Sunday, December 20, 2009

Study reveals how a Muslim family thrived in Christian-ruled Spain for nearly 300 years

Over twelve generations of a 'middle-class' Muslim family living in the Crown of Aragon have been analyzed by a scholar, revealing that they had become prosperous and influential, despite having to live under Christian rule.

In his article, "The De Reys (1220-1501): The Evolution of a 'Middle-Class' Muslim Family in Christian Aragon", Brian A. Catlos tries to show that the idea that the Christian re-conquest of Spain did not leave its Muslim population as a group of "marginalized agriculturalists, isolated and exploited, persisting at the whim of their Christian lords and neighbors."  Instead, these Muslims, also known as the Mudejars, were a dynamic group that could thrive under Christian rule and be able to assert their rights.

The article goes on to detail the history of over twelve generations of a Muslim family known as the de Reys, going from the thirteenth to the sixteenth centuries. Catlos makes use of a variety of sources including chancery registers, judicial transcripts, correspondence, ecclesiastical cartularies and notarial receipts, all of which are readily available from the Crown of Aragon.

The records begin with a Jucef filio Çalema de Rey, who was living as a shoemaker in the village of Monflorite. In 1220, he was able to gain exemption from royal taxes. About twenty years later, he received an appointment to be the bailiff in Monflorite, and moved to the nearby town of Huesca, where he bought a shop and started his business just outside the city's gates. His particular situation allowed him to avoid paying any taxes and set about starting a successful career.

Catlos then goes on to detail the lives of his descendants, who lived in Huesca and held a variety of careers, including shoemakers,  tailors, barbers, merchants, and property dealers.  Some even got involved in politics, serving in various positions within the local Muslim community.  The author even finds that two family members were even murdered. One of them was Mahomet de Rey, who in 1357 was duped into forming a partnership with another Muslim from out of town, and when they traveled back to his home, his partner turned on him and with a group of associates killed him and took the large amount of money - 1,200 solidi - that he was carrying.  They would have gotten away with their crime if it was not for the efforts of the tutor hired by Mahomet to teach his two sons, who helped to apprehend the criminals.

One reason for the success of the de Rey family was that they were able to avoid paying taxes, despite the fact that the original exemption for Jucef filio Çalema de Rey should not have been hereditary.  But various generations were able to maintain there tax exemptions, sometimes by making use of their contacts (including one Aragonese queen) to gain influence with royal officials.  But their luck ran out in 1456, when an inquest concluded that they had to pay various taxes.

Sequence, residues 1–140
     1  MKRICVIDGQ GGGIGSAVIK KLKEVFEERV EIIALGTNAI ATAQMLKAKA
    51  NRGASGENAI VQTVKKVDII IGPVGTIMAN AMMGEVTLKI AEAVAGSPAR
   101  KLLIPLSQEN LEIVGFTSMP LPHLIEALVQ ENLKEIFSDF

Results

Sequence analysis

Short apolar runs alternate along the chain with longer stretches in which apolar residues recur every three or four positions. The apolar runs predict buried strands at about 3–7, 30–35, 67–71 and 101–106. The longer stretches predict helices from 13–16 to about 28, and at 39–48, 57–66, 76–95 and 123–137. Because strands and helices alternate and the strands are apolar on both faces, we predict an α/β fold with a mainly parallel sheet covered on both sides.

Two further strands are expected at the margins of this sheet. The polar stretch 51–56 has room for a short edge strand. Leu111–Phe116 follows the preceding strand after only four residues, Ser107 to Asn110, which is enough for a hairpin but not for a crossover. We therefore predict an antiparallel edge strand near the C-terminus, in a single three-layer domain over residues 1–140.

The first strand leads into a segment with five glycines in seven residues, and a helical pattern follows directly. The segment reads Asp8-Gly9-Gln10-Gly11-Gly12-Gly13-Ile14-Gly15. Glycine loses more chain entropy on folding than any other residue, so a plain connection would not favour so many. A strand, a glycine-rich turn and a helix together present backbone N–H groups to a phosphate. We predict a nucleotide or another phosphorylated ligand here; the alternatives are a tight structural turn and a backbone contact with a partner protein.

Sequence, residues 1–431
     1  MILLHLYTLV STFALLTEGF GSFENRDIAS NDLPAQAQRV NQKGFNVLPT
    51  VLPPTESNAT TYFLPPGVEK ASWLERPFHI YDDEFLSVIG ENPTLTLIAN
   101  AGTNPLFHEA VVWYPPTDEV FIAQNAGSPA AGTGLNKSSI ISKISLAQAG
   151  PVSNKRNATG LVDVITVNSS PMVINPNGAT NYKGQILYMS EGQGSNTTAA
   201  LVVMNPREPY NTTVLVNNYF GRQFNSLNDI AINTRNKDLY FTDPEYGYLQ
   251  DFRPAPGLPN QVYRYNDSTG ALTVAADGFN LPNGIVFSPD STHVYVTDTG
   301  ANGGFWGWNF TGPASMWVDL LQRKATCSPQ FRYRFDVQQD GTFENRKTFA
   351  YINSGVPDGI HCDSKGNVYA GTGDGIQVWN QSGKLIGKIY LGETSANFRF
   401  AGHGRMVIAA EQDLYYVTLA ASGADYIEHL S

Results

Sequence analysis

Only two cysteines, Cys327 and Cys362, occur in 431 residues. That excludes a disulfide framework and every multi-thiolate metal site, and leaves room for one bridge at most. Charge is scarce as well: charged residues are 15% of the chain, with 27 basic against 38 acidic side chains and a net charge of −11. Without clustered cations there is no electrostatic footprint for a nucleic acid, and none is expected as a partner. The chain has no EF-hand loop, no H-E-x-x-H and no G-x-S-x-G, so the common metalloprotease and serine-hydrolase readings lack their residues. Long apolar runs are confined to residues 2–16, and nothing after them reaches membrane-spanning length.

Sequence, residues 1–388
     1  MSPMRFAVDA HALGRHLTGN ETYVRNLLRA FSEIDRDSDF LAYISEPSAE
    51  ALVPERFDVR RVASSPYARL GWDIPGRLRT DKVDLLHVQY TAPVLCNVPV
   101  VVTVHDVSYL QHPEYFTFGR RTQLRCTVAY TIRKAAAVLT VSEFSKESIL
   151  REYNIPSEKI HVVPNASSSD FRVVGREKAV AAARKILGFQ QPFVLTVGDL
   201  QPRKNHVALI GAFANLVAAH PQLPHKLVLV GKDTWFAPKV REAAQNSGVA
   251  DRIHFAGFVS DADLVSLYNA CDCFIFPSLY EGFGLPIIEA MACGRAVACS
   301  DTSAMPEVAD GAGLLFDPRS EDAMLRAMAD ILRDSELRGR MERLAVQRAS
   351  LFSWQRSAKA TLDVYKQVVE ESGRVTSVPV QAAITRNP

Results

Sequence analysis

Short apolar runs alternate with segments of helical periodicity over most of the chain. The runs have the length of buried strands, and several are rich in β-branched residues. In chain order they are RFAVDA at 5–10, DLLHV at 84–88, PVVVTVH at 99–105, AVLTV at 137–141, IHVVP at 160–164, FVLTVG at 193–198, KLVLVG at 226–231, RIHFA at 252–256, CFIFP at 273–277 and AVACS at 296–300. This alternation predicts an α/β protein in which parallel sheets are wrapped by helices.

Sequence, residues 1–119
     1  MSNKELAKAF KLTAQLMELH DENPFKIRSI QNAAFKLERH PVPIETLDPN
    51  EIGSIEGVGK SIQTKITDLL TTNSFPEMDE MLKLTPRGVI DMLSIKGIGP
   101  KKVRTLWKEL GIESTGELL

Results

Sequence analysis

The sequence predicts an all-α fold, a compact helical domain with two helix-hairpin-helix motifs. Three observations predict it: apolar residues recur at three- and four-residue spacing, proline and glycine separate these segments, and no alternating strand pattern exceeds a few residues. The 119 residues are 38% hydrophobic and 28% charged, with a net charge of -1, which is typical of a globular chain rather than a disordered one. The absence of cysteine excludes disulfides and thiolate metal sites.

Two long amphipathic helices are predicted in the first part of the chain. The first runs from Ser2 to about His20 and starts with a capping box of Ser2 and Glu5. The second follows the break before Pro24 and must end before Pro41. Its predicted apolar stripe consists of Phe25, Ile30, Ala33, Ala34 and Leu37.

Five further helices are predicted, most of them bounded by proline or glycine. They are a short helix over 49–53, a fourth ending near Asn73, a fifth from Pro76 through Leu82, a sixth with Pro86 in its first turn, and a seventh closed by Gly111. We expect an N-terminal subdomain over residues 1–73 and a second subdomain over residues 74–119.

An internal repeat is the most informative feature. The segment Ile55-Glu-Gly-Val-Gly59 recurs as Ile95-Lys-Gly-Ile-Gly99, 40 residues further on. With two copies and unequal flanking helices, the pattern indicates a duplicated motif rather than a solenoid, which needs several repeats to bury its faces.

After this the family, according to Catlos, had "modest prosperity, as family members are recorded buying and selling property, borrowing money from Jews, lending it to Muslims and Christians, and engaging in partnerships with other Muslims and with Christians." The last mention of the de Rey family in the records comes in 1501, when a Mahomat de Rey was elected by the local Muslim community to serve as the offical whose job it was to ensure the fair collection of taxes.

In 1516, the Muslim population was forced to convert to Christianity by King Charles II, ending the independence of the Muslim communities.  What happened to the de Rey family is unknown - they may have converted, or had to leave Huesca and the Iberian peninsula for North Africa.

Catlos, concludes that "the history of the de Reys provides a rare glimpse of a mudéjar “middle class” in the Kingdom of Aragón that was undoubtedly more numerous than historians have previously assumed. Moreover it confirms that the ‘patriciate’ to which the de Reys briefly belonged in the late-thirteenth and early-fourteenth centuries was not a self-conscious and closed class, but rather, merely the portion of the upper strata of a diverse Muslim community which was most directly involved in the Christian colonial dynamic."

The article "The De Reys (1220-1501): The Evolution of a 'Middle-Class' Muslim Family in Christian Aragon", is published Viator: Medieval and Renaissance Studies, Volume 40:2 (2009).